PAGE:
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Realistic or Not?

  • Date Submitted: 01/21/2013 06:53 AM
  • Flesch-Kincaid Score: 66.8 
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The Battle of the Somme was one of the most devastating battles in history. Over 1.5 million people were killed during the battle, which spanned for two years. In order for countries to promote the struggles, they create propaganda. Propaganda is a form of communication or mass media, which contains information, used to influence a certain community, or gain their favour. A famous example of war propaganda is the British film "The Battle of the Somme" (released in 1916). It was made by two cameramen in the Somme. It portrays the first few months of the battle, and what life was like in the trenches. Many people believe the film to be a very useful historical source, however some others aren't so sure. But is it really reliable? This essay will study whether the film is reliable or not.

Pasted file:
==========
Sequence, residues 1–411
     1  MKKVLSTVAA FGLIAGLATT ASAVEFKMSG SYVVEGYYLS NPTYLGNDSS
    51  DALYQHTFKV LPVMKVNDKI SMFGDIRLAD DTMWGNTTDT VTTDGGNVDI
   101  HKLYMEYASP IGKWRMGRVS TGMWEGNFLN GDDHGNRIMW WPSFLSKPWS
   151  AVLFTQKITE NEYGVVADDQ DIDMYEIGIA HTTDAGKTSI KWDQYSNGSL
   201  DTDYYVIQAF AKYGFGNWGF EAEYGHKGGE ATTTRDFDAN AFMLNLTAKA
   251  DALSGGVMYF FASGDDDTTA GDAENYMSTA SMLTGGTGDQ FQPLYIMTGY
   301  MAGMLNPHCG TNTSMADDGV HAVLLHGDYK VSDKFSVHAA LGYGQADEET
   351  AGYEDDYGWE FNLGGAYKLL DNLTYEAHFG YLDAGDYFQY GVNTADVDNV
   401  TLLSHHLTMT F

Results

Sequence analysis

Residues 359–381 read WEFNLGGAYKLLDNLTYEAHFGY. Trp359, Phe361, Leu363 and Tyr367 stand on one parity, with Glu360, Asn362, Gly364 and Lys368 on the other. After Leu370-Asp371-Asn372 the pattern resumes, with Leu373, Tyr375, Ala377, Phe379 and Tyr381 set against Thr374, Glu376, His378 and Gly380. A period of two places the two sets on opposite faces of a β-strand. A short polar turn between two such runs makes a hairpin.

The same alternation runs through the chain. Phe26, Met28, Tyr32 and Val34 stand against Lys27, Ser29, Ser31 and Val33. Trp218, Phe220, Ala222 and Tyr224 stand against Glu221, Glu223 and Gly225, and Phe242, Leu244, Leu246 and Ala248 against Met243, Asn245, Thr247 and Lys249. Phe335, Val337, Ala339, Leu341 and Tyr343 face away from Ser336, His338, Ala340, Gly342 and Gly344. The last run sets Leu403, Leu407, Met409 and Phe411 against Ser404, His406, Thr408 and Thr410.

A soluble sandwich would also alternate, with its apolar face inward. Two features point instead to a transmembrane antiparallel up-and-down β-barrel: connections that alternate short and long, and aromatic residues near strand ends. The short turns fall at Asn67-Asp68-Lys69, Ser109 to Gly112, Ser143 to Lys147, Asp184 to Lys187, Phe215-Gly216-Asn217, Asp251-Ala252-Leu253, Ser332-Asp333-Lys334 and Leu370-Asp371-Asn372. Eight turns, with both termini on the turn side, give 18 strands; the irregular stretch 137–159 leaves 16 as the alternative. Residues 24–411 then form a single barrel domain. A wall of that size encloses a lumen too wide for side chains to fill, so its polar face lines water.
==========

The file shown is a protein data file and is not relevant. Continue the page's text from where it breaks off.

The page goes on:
Because the film was a British propaganda, it shows footage of the British soldiers. All of the events are shown in chronological order. The beginning of the film contains videos of several regiments leaving England and arriving in the Somme. Then, the first few hours of the battle are shown. Numerous shots of shelling, explosions, and soldiers going over-top. As the film progresses, footage of wounded soldiers is shown. It also shows the food and supplies that the soldiers had. A notable change shown in the film is the changing emotions of soldiers in the film. Towards the beginning, soldiers are very cheerful, and happy. However from the middle till the end they are all very different. No one is shown happy - they all wait there, extremely terrified. The end shots are of soldiers in the reserved trenches waiting to be called back.

Films were very rare in the early 20th century, so there are many other sources. Pictures, letters, autobiographies, poems and diaries from the trenches have been found. Many of which agree with the film. For example a letter from Bert Bailey, in the 11th Rifle Brigade, states: "Please stop sending me tea, sugar and salt for a bit as we already...

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